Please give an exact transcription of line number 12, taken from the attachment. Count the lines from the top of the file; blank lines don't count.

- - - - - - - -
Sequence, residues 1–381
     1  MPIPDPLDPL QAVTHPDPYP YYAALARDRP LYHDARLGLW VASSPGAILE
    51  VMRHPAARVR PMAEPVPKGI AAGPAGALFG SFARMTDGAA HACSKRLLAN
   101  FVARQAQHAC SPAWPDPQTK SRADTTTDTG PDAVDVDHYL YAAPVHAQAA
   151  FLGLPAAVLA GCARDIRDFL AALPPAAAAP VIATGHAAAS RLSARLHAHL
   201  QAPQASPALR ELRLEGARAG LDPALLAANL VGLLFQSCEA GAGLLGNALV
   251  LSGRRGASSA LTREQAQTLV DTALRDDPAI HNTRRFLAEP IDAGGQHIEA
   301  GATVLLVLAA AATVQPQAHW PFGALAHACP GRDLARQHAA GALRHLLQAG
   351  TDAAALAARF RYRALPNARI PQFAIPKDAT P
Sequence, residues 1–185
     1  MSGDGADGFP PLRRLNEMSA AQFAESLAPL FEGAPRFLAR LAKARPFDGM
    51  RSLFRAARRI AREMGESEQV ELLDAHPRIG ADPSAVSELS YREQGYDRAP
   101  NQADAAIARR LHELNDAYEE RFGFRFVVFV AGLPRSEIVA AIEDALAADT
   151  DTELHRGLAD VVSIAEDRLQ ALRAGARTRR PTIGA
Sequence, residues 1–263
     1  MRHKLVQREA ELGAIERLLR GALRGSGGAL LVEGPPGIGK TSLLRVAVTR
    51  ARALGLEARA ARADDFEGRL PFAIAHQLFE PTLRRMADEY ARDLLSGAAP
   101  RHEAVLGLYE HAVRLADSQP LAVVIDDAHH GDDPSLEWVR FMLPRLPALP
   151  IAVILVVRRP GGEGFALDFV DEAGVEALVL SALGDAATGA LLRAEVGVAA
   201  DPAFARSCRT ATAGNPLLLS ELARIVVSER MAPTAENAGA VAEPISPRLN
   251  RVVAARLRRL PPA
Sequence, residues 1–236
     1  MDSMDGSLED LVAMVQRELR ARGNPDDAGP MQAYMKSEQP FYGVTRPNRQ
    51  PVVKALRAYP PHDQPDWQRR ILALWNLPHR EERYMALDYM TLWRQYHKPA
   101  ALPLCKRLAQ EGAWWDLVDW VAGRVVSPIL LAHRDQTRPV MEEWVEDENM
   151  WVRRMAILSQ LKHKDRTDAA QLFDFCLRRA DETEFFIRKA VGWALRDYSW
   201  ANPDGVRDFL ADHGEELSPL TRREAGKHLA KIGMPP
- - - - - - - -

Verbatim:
    51  RSLFRAARRI AREMGESEQV ELLDAHPRIG ADPSAVSELS YREQGYDRAP